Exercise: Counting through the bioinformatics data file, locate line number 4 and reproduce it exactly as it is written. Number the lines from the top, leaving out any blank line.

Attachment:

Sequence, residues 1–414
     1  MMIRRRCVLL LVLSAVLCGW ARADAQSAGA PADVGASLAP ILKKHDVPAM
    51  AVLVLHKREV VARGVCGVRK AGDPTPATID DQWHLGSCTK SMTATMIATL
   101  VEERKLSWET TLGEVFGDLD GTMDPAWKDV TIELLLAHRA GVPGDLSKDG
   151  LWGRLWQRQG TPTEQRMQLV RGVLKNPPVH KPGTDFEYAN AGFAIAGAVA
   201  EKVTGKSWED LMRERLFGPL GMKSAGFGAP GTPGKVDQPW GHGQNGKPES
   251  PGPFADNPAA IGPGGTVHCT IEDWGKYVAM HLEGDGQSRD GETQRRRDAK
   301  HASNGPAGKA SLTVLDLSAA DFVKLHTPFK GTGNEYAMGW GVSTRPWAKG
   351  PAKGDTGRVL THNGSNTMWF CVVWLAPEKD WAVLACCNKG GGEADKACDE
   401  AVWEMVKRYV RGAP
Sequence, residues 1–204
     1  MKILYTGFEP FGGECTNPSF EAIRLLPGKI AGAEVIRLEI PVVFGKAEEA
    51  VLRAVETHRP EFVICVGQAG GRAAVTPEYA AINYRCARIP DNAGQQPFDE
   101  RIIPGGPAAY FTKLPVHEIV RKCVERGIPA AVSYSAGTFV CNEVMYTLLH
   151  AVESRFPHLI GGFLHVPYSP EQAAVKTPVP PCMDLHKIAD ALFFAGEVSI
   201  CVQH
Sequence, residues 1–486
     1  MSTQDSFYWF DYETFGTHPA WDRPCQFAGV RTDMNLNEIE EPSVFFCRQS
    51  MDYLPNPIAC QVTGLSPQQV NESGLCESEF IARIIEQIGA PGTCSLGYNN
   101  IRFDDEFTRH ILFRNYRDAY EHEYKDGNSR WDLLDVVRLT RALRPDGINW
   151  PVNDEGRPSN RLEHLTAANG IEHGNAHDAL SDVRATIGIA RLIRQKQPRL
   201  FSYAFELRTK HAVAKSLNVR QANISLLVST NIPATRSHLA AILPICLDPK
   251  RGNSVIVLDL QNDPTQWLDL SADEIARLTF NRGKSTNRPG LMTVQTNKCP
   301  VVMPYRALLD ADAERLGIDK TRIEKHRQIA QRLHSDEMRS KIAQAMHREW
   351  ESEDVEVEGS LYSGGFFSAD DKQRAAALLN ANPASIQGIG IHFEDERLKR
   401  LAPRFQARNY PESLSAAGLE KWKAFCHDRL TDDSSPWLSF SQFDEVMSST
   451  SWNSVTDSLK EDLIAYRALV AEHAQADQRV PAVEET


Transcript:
   101  VEERKLSWET TLGEVFGDLD GTMDPAWKDV TIELLLAHRA GVPGDLSKDG